Galvanized in national attention after the murder of nine church goers, South Carolina once again finds itself in the heart of controversy, about the Confederate Flag flying near its state capitol. Voices have risen up in favor of taking the flag down in South Carolina and elsewhere, including Russell Moore and even S.C. Governor Nikki Haley. Meanwhile, sales of Confederate flags have skyrocketed. Who is right in all this? I offer three observations:
1. What’s in a flag?
Flags have meaning. The Christian flag. The American flag and the “Republic for which it stands.” What does the Confederate Flag mean? Is it Southern heritage and history? Is it racism and hate? Or something in between or a mixture?
The first time I ever saw the Confederate Flag was as a boy, watching “The Dukes of Hazards.” Though I grew up in the Southwest, it was never a frequent sight in my life, and until I grew up and visited some Civil War battlefields, I never understood the significance of it.
Then in college, at one point, I had a “South-Will-Rise-Again,” Confederate-Flag waving friend. He was generally a nice guy, but I sometimes wondered if he could say with a straight face that he had no racial resentment or even racism in his heart.
Be that as it may, I recognize the appeal of history and heritage the flag has to many. I, too, love Gen. Robert E. Lee. Moreover, I believe that in the Civil War, both sides had admirable qualities (and poor qualities) to one extent or another, even as slavery had to be abolished at all costs.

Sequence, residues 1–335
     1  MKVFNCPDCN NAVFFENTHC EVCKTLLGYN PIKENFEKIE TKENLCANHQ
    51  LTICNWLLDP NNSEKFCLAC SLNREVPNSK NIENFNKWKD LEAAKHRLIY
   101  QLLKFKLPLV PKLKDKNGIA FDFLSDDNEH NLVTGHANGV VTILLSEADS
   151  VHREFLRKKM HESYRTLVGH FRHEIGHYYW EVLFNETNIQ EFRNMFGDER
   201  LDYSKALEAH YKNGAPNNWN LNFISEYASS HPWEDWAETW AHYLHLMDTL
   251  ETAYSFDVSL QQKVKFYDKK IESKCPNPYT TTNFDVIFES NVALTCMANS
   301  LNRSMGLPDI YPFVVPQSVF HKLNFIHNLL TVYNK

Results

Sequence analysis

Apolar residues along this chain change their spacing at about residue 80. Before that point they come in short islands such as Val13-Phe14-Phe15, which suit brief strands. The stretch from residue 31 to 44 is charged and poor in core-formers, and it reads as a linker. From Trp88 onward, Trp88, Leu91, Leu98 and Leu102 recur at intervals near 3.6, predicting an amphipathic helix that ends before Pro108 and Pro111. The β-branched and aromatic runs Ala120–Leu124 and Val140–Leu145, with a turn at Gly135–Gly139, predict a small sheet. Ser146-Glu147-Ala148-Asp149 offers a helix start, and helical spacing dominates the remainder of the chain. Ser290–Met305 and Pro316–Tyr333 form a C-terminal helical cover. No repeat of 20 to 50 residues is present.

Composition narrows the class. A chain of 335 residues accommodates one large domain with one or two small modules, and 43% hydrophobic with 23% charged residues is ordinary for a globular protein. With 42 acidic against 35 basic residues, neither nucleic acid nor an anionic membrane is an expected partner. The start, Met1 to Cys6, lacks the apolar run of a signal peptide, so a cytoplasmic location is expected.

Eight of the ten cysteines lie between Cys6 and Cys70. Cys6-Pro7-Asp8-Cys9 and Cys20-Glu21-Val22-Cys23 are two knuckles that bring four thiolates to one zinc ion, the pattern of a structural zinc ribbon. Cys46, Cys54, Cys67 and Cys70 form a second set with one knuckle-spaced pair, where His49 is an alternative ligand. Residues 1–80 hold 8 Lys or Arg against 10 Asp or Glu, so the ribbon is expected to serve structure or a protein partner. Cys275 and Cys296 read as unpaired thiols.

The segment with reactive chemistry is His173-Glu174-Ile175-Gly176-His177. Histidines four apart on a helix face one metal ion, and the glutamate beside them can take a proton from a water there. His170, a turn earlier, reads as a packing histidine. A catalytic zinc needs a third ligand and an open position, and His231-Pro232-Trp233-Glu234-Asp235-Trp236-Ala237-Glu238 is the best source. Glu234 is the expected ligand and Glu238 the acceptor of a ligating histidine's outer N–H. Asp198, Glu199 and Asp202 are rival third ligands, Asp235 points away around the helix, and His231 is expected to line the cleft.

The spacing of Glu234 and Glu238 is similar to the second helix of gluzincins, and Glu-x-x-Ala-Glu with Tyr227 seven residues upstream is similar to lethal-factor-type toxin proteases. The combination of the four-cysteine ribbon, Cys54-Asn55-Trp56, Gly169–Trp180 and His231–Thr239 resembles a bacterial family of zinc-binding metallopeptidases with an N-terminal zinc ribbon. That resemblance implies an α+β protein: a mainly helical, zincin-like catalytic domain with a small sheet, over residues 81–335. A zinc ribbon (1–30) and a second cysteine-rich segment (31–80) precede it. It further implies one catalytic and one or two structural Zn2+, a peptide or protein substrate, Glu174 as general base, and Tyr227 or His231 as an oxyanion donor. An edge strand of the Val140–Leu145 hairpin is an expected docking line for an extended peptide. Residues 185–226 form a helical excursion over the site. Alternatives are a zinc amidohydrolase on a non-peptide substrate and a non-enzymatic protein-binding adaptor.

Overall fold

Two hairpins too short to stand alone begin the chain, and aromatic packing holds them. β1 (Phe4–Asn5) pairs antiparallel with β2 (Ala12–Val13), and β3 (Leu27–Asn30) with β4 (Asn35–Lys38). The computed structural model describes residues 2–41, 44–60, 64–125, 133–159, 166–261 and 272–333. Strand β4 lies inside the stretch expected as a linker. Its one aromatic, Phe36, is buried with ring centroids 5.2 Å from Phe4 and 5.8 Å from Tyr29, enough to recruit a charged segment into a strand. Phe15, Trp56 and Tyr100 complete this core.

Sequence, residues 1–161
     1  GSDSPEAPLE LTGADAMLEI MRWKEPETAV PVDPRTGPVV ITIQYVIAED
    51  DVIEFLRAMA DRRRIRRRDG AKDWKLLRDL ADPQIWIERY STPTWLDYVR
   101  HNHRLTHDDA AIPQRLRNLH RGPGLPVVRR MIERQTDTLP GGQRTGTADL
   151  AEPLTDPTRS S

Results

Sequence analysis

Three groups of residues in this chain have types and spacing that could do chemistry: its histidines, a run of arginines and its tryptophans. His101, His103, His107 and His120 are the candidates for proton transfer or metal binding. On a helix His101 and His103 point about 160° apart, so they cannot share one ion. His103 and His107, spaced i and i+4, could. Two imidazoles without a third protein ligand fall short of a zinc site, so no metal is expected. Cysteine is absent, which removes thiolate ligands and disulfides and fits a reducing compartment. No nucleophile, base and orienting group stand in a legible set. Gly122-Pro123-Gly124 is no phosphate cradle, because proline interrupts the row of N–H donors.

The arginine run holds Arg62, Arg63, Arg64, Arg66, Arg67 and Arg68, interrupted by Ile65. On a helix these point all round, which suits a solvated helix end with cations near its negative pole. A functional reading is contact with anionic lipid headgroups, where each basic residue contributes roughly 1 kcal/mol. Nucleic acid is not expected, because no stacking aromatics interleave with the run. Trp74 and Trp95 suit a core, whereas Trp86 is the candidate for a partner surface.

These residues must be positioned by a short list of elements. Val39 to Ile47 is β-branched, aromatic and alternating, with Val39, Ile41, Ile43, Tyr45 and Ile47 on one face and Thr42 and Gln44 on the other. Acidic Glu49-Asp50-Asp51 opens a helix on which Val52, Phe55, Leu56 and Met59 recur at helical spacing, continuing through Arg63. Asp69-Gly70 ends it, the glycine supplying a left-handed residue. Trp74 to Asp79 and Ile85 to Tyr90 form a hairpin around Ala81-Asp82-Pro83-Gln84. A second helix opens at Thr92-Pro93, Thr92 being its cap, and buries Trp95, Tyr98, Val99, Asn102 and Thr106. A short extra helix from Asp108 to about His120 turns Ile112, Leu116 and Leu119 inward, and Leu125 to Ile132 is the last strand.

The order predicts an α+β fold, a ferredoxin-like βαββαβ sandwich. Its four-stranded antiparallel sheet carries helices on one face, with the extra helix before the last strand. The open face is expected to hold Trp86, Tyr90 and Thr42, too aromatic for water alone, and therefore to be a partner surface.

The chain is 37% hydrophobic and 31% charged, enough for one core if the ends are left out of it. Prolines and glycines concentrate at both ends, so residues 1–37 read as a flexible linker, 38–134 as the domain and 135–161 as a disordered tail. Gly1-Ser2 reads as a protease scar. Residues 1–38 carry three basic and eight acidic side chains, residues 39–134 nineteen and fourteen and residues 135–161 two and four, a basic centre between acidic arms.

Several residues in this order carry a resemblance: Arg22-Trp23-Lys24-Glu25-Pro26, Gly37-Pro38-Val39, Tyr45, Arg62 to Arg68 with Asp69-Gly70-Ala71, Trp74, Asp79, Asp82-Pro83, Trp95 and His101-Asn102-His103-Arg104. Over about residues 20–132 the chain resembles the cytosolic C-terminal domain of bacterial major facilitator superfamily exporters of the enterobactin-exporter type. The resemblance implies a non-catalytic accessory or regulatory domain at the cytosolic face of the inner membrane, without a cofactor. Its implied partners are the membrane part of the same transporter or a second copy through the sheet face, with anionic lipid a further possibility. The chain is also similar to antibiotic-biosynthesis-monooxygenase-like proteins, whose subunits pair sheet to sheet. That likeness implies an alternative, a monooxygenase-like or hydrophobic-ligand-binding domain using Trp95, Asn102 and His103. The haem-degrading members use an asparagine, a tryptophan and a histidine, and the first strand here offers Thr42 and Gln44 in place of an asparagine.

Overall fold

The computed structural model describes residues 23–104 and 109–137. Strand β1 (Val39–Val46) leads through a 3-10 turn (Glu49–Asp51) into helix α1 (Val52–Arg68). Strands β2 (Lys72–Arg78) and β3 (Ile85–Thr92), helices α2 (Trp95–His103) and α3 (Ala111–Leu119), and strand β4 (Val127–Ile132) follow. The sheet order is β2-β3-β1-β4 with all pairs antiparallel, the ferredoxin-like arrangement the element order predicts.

Fast forward to today, much of society does not equate the flag with history and heritage, in large part because many who waved it in recent decades committed wrongs against people. As so often happens, a smaller group can mar something for a larger group.
2. When rights aren’t necessarily the right thing
When it comes to southern pride, there are ways to honor that heritage apart from the battle flag. In the case of the Confederate Flag, it has widely come to signify what side of the racial divide you are on.
South Carolina has not flown this flag continuously since its beginnings. The flag-flying tradition is only as old as the 1960s, when this country was in a pitch debate about racial segregation. In other words, flying the flag at the capitol is a relatively new tradition.
That is not to say this state does not have the right to fly the Confederate Flag, or individuals; it is to say they can choose not to. If a symbol becomes too tainted in people’s minds, or too divisive, it can be a measure of prudence to take the flag down.
3. Don’t demonize, dialogue
An issue this contested, this important, requires our best attention and best intentions. When debating the flag, don’t assume the worst about either party. For flag proponents, don’t assume opponents are ignorant people, bowing down to political correctness. For flag opponents, don’t assume everyone who has affection for the Confederate Flag is a deep-seated racist.
I, speaking for myself alone and no other person or group, favor the idea of taking down the Confederate Flag in South Carolina, for the reasons Russell Moore has stated.
It is my sincere prayer that as a nation, as a people, we can find a better day in this country when the ghosts of racism are fully chased out, especially among Christians. To that end, I say, Lord help us!